Ofgem’s president told MPs that the cap on energy prices is expected to surge from £1,971 per year to £2,800 per year in October.
Energy regulator chief executive Jonathan Brearley told the Business, Energy and Industry Strategy Board that the limit would be “around £2,800” and would hurt households already struggling with the cost of living crisis.
Dermot Nolan, former CEO of Ofgem, said regulators could have prevented the sector’s failure if “we moved faster”.
Mr Nolan, who headed Ofgem between 2014 and 2020, told the Commission that he believes no regulatory regime could have prevented many energy companies from failing due to the unprecedented rise in gas and electricity prices.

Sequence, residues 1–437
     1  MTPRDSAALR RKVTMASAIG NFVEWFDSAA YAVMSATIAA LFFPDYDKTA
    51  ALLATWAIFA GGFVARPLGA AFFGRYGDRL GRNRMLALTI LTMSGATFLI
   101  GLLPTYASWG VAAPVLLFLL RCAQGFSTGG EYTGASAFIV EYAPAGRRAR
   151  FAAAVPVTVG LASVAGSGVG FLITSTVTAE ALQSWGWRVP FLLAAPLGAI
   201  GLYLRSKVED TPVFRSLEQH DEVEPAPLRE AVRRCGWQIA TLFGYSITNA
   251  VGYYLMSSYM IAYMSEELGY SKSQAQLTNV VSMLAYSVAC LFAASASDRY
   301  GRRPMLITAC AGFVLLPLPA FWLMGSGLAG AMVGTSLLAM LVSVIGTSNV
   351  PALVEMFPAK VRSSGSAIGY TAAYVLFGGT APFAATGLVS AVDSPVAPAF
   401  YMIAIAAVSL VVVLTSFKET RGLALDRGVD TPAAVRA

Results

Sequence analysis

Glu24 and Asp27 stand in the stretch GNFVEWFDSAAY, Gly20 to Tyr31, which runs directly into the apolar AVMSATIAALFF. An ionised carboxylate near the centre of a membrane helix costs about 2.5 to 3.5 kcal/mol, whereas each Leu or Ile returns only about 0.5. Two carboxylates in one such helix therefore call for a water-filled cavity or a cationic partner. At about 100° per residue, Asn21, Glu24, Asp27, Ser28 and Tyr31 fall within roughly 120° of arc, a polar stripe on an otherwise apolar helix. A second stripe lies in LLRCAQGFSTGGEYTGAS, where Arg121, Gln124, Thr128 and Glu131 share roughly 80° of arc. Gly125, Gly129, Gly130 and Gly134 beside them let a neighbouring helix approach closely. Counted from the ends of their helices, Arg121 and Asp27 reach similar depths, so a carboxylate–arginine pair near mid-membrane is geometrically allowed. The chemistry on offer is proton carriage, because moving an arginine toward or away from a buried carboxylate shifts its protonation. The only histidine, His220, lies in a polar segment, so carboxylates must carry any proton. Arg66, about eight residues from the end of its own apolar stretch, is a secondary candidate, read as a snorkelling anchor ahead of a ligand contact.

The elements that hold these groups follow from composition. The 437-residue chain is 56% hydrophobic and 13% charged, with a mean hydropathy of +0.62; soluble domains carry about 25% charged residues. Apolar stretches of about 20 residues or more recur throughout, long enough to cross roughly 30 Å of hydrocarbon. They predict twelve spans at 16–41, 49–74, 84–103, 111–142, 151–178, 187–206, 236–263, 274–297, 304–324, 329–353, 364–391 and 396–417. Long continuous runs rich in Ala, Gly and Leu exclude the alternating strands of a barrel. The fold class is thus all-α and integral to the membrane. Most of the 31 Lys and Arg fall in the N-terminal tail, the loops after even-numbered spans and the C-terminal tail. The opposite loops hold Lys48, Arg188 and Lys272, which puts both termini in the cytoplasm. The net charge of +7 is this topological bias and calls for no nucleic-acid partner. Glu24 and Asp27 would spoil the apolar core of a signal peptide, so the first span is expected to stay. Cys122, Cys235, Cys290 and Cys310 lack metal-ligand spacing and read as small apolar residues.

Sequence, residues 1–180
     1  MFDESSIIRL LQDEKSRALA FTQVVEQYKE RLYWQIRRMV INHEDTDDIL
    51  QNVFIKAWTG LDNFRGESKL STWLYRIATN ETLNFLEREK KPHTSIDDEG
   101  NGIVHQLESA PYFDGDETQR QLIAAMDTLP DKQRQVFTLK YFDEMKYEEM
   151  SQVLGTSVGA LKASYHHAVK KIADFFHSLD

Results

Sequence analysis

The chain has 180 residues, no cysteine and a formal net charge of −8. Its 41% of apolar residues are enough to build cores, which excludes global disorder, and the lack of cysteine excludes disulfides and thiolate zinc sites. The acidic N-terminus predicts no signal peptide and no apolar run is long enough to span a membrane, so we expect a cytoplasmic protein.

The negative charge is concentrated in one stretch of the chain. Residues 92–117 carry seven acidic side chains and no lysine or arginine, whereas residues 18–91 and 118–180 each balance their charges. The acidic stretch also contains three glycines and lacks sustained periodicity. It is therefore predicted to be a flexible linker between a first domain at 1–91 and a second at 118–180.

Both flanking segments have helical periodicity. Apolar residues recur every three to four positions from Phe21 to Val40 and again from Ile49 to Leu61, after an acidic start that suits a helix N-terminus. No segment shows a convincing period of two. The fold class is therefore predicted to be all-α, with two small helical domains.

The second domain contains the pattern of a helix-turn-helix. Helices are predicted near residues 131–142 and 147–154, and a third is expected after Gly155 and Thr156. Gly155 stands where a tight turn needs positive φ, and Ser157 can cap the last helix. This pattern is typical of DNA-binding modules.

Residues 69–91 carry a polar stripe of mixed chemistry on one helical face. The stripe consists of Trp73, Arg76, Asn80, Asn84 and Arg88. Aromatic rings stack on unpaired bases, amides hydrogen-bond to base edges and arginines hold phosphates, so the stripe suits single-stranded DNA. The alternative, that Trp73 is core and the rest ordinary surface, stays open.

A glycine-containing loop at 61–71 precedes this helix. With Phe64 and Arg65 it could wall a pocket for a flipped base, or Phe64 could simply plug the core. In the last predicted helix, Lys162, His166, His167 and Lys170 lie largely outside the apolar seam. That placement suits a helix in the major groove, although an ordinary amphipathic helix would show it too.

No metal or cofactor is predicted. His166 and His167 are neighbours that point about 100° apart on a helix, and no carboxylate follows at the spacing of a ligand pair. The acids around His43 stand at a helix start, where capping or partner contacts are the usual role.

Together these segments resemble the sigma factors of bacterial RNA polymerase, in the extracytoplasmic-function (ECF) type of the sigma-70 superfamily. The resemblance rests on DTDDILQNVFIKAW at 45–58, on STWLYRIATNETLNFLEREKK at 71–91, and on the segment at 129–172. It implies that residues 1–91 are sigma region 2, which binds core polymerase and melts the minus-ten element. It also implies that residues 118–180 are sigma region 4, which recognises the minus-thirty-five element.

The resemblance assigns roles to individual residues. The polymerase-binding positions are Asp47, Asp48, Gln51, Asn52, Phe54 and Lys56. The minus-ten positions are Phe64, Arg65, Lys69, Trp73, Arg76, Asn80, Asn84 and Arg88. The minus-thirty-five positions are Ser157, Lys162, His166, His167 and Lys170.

He described a fivefold increase in wholesale energy costs as “once in 100 years,” and argued that Ofgem followed government requests to prioritize competition over regulatory oversight because the “big six” companies dominate the market.
Regulators have been heavily criticized for allowing too many companies to set up with minimal confirmation of whether they have the necessary skills or are financially resilient enough to survive large price fluctuations.
Mr Nolan said that since around 2015, “many” start-ups have entered the market under a “permit” regime, which is “incentivized by the government but also a conscious decision of the Ofgem Board”.
However, from 2017/18 it became clear that “in certain cases, companies entered the market in a speculative manner that was probably not rational and unfair, and we had to do something about it”.
“I don’t think any system would have been completely fit for purpose, but I do admit that some of the failures could have been prevented if we had moved sooner,” Nolan said.